Review: The Warrior Heir by Cinda Williams Chima

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Title: The Warrior Heir
Author: Cinda Williams Chima
Genre: YA, fantasy
Series: #1 The Heir Chronicles
Publisher: Indigo
DOP: 2011 (first published in 2006)
Pages: 426
Rating: 3.5/5 stars
ISBN: 978-1-78062-047-3
Twitter: @CindaChima

Born without a wizard’s stone behind his heart, Jack’s life was at danger when he was a baby, but he was saved thanks to Dr. Longbranch, by placing a warrior’s stone and thus making him a Weirlind: a warrior for one of the Roses. Now, at sixteen, Jack feels like any other teenager because his aunt managed to convince Dr. Longbranch to not take him away. When Jack forgets to take his daily medicine for his heart one day, everything starts to change. He feels better and less suppressed. His aunt shows up to take him on a journey to find one of their ancestors and soon, Jack finds himself amidst a war between wizards and traders in search for a warrior.

Although literally thrown into a new world during the prologue, it takes a while before we get some sense of understanding of the world in The Warrior Heir, the first book in The Heir Chronicles by Cinda Williams Chima. For a while, it’s not clear what’s so special about Jack or the reason why wizards and traders are after him but once the story picks up, it is hard to put the book down. There’s something about the world that’s captivating, enticing you to read as quickly as possible to get to the end. With a few twists, some predictable, others coming by surprise, the story is wrapped up in the end, leaving no questions unanswered, despite this being a series.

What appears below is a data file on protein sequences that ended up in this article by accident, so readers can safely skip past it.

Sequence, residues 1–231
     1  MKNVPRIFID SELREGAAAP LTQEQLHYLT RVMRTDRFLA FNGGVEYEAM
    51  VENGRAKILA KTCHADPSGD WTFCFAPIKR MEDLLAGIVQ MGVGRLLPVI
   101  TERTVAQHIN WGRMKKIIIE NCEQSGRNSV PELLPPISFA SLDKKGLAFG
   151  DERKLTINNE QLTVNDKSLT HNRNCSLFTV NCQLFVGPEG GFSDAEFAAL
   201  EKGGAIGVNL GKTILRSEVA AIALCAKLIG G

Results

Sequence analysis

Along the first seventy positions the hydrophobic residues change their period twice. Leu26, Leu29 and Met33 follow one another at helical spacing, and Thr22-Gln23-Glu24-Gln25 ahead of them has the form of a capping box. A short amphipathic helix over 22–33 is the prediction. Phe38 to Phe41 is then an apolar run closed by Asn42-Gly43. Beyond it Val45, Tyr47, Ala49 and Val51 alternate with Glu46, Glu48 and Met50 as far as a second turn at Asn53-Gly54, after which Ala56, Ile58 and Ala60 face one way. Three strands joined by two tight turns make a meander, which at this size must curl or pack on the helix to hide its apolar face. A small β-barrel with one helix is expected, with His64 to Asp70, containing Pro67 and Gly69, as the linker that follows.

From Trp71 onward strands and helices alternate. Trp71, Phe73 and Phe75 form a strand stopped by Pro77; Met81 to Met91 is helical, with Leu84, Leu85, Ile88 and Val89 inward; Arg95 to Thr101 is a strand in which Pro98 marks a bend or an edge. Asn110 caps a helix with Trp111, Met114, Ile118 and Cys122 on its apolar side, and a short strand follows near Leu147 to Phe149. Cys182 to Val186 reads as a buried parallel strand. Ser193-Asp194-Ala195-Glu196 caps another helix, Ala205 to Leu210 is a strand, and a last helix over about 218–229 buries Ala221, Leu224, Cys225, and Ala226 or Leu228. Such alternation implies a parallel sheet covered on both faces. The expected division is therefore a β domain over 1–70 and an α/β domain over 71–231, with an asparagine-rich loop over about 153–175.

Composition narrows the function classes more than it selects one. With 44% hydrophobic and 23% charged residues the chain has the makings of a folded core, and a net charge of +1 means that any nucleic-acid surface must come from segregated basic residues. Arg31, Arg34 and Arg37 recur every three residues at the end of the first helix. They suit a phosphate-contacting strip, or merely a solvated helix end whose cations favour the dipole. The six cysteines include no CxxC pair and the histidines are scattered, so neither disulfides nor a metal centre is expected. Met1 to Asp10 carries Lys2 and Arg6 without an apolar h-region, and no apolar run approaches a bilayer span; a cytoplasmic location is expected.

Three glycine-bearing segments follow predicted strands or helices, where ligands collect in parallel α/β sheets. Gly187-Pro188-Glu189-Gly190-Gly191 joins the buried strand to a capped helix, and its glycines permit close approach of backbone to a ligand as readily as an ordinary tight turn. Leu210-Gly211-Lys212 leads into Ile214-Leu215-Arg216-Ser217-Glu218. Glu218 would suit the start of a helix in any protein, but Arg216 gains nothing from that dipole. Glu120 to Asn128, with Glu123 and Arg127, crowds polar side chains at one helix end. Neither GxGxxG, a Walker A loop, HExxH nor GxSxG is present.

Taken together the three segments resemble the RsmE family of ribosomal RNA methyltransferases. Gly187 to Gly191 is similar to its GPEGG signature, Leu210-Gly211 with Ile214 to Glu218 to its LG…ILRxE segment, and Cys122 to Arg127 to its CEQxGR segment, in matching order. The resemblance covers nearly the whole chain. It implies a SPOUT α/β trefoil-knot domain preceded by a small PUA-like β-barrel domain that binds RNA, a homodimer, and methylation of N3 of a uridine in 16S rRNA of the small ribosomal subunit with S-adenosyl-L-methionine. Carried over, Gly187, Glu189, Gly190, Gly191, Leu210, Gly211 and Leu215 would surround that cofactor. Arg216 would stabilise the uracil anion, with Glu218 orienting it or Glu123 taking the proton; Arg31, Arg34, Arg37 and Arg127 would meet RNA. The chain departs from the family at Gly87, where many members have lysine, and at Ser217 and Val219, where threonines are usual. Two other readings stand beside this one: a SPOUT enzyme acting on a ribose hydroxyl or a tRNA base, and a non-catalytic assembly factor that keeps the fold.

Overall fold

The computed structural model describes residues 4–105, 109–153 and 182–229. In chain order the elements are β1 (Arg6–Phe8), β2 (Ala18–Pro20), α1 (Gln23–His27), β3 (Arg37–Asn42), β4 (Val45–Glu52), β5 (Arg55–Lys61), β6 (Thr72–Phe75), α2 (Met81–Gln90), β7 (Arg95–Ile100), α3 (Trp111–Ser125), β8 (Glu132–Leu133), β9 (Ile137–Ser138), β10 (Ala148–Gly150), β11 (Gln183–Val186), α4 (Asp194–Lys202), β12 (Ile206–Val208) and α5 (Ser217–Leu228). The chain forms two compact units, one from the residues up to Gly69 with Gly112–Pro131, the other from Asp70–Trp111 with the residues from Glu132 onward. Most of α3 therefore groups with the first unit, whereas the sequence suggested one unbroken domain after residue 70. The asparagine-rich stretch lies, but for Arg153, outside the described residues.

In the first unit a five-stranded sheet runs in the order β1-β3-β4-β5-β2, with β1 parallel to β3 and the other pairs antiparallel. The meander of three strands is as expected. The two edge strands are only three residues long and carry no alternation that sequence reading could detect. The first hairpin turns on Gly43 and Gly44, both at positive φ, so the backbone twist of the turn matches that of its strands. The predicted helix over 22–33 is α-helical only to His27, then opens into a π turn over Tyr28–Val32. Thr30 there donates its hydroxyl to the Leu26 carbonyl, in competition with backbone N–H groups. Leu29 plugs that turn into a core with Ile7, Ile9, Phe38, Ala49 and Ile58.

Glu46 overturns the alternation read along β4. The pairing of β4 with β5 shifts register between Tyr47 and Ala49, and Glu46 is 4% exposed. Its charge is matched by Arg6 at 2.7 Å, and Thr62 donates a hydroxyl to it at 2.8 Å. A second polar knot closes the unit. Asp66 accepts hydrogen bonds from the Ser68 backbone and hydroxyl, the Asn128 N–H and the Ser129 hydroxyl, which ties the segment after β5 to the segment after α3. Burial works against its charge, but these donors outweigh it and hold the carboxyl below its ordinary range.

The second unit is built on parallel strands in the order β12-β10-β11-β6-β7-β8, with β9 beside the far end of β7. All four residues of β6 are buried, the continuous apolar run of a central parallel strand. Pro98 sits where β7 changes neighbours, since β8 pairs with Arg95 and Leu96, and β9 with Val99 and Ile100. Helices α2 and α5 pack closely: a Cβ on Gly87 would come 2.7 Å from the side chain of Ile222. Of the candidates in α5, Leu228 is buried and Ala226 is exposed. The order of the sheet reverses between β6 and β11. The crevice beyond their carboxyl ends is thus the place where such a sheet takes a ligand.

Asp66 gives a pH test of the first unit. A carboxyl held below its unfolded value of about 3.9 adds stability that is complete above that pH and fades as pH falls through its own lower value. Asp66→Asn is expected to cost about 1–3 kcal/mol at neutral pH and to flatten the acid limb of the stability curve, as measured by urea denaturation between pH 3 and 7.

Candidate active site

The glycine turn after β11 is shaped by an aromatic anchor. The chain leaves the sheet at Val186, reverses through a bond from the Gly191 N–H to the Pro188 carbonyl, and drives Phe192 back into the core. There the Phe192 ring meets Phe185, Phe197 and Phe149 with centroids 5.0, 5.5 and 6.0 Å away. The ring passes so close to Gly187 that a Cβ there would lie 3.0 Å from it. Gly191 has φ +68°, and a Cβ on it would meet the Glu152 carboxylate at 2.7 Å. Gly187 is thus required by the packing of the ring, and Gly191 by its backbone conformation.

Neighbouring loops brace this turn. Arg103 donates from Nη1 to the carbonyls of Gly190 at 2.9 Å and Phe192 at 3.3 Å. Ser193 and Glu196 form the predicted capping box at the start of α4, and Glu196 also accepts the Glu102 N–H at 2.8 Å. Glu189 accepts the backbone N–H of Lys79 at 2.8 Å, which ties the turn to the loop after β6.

I loved most of the characters, especially Leander Hastings. He’s complicated, mysterious and his motives aren’t always clear which makes him a very interesting person to read about. He’s got his flaws and I hope when I continue this series that we get to know more about him and his history. Another character I liked, was Ellen. She really has a strong personality and I wished we could have seen more of her.

The reason why I’m rating this book three-point-five stars is because I have one major issue with the world: the entire reason of the tournament. It is hard to explain this without spoilers but let’s just say that wizards are on top of the hierarchy and warriors are at the bottom and they are enslaved and trained to compete in the tournament. The winner of the bout ensures that the family, who sponsors him, seizes the power until they are being challenged again. It’s a bit ridiculous because I wouldn’t wait for someone to challenge me. I’d never put faith in one warrior either. I’d make sure once I got the power, I’d stay in power forever (there’s an evil cackling sound in my head now).

If this hadn’t bothered me, I’d give it four stars. That, and the fact that the ending felt too clean; it was solved too easily for my liking (and perhaps that’s the reason why this is a series because it was too perfect?).

Have you read The Warrior Heir? What did you think of the world and the characters?


3 thoughts on “Review: The Warrior Heir by Cinda Williams Chima”

  1. I found The Warrior Heir and the rest of the series to be fantastic. I liked it because it was a story told in a unique way. It had magic, enslavement, tournaments, and imminent danger — like a Hunger Games meshed with Harry Potter and a dash of Among the Hidden. The characters were interesting and I loved Jack’s made-up hometown.

    1. Thank you so much for your thoughts. I did like it too but I found the world building a bit confusing. Maybe that gets better once I get to the second book. I’m definitely going to continue it. I’ve been told it gets better as the series continues so… :p

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